Tuesday, January 10, 2006

Canada Polls Show Tories Leading: Sparks Bank Merger Talk

Dow Jones Newswires, Monica Gutschi, 10 January 2006

As Canada's Conservative Party surges in the polls ahead of the Jan. 23 election, the talk inevitably turns to the possibility of domestic bank mergers.

"Although the probability remains quite low, it does apear that the possibility of a majority government, and bank mergers with it, is rising," ventured Robert Wessel of National Bank Financial in a note Tuesday.

In polls released Monday, the Conservatives had a healthy lead over the governing Liberal Party, which holds a minority position in Canada's Parliament. Pundits are now speculating on the possibility the Conservatives, or Tories, will win an election for the first time since Brian Mulroney held back-to-back majority governments from 1984 to 1993.

Many observers believe bank mergers have a greater chance of receiving government approval under a Conservative government than with the Liberals, who have delayed the release of a position paper on the issue for more than a year.

Prime Minister Paul Martin rejected two proposed bank mergers in 1998 when he was finance minister.

But Wessel noted that, given the "political sensitivity" of the issue in Canada, the likelihood of mergers increases with a majority government, whether Liberal or Conservative.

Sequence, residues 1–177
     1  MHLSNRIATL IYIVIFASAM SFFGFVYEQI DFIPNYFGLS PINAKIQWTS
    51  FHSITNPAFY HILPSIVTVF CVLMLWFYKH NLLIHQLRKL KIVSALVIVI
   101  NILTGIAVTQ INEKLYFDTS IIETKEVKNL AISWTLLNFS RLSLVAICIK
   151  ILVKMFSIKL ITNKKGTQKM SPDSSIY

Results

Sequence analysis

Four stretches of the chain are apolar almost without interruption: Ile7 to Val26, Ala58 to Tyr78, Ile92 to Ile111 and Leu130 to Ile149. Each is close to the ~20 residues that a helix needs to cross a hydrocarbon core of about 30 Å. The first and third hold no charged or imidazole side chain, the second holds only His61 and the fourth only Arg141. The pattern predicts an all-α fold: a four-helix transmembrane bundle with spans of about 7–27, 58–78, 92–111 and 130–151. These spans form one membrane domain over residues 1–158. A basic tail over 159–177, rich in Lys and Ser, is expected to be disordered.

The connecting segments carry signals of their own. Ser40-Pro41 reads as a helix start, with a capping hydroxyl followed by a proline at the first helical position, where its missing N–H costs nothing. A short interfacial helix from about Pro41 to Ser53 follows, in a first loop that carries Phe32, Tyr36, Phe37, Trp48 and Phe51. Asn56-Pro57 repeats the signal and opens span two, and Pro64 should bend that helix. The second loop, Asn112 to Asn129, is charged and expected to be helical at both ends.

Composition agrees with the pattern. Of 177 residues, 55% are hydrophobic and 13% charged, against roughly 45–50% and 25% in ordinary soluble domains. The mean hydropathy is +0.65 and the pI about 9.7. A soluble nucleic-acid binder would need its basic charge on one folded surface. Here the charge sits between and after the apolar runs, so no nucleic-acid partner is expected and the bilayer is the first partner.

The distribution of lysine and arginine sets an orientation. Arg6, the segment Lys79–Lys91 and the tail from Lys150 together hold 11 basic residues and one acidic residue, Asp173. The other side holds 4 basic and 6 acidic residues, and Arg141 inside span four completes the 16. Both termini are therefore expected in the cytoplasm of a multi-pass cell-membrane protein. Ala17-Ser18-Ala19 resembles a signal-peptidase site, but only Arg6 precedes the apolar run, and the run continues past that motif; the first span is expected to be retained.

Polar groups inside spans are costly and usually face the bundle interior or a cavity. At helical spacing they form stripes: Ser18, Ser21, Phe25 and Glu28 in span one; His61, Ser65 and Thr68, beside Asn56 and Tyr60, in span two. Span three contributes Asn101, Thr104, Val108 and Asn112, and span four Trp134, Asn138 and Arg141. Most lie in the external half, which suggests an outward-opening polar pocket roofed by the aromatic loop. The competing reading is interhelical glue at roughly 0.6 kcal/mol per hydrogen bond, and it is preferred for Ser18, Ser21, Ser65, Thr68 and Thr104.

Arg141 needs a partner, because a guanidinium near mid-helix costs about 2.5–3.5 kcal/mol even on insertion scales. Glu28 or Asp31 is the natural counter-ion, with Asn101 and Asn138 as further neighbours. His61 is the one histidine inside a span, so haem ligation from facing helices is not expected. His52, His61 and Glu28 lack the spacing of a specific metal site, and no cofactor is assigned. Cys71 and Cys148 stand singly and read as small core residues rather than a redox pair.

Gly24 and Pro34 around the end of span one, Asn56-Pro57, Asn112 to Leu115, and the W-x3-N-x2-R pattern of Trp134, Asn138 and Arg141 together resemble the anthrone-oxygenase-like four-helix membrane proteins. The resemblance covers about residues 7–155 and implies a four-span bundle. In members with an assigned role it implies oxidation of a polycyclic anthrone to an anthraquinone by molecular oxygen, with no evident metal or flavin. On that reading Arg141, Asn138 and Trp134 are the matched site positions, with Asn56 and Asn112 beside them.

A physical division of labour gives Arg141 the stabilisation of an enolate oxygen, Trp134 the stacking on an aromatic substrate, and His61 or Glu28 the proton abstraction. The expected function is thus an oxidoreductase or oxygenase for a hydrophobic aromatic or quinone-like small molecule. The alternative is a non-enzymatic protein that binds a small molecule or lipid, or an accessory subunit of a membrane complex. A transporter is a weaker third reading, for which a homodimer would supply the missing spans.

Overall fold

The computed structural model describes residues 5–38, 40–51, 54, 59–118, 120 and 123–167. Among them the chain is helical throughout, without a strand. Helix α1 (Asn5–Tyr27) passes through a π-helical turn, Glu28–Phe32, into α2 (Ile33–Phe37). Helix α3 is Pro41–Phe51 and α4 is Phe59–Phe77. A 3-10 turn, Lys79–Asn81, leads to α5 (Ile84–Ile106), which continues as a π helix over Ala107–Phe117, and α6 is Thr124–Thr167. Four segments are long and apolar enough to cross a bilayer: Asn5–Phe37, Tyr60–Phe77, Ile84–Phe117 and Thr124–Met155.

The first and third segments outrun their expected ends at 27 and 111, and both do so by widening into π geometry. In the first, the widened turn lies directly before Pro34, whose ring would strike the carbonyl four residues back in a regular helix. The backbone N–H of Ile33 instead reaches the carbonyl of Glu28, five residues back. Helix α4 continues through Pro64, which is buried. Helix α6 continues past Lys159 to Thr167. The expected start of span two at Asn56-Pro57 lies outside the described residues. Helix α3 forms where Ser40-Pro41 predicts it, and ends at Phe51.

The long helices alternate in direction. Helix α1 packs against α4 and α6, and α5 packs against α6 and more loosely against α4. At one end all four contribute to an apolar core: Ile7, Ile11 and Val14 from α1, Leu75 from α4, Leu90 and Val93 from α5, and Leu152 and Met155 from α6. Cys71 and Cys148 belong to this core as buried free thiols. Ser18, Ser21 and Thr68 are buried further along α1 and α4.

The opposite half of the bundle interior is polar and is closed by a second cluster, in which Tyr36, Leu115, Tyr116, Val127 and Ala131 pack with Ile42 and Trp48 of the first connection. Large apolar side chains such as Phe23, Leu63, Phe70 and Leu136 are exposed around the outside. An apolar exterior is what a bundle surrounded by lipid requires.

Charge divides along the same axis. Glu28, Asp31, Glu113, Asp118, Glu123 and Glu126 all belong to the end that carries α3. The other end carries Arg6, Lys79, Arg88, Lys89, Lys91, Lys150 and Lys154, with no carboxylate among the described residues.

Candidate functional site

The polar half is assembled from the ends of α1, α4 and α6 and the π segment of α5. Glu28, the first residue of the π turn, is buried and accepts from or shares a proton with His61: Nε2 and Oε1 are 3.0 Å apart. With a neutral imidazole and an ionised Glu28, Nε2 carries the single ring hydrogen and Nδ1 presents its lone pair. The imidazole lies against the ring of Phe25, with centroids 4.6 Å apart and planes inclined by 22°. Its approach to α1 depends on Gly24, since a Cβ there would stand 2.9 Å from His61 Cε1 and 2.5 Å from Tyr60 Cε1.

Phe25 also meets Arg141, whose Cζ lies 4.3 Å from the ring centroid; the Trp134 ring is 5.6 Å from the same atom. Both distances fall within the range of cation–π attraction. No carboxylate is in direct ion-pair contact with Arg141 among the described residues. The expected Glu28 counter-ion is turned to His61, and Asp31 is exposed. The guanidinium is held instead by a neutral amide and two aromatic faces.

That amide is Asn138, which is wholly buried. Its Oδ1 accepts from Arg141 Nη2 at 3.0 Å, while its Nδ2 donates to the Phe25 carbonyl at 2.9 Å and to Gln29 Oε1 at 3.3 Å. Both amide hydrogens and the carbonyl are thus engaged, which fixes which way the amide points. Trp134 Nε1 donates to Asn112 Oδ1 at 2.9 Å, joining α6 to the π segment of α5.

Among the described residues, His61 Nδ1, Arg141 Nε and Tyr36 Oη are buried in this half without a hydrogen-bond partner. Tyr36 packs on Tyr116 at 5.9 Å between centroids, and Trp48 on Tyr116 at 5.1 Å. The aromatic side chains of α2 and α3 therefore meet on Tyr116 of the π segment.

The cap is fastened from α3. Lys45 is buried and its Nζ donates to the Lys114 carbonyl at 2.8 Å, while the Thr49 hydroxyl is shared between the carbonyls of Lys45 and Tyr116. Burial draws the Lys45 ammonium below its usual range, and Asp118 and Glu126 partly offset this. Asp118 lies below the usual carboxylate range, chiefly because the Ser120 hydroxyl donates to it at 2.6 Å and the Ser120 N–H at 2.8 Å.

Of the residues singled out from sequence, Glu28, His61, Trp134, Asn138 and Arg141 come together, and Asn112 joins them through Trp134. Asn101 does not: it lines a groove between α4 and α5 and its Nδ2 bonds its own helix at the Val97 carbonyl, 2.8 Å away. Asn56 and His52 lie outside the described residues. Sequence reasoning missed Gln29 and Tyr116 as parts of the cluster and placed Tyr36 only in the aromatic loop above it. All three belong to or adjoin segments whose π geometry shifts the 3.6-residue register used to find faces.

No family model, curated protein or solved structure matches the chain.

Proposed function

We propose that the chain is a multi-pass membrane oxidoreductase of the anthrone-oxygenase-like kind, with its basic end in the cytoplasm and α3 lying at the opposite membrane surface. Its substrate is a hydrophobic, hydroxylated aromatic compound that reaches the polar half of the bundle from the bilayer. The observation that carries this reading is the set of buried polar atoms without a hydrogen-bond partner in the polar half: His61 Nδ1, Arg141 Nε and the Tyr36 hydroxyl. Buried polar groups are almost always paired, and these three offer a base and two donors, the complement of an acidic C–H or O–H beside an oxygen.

As well, he said, such a decision by a majority government would be far better for bank shareholders. A minority government - were it to allow mergers - would impose much more onerous conditions and thereby reduce any potential premiums paid, Wessel said.

Bank executives have long pressured the government to allow their institutions to merge, claiming they need the greater size to compete globally. And Bank of Canada Governor David Dodge has said the limitations on banks joining forces may be hurting the financial sector's productivity.

If a majority government of either stripe is elected later this month, Wessel said the potential acquirer banks - Bank of Nova Scotia and Royal Bank of Canada "may begin to reflect some level of acquisition risk in the form of modest multiple compression."

He said both now trade at large premiums to their peers.

The probable targets - Bank of Montreal and Canadian Imperial Bank of Commerce, may benefit from relative multiple expansion, he said.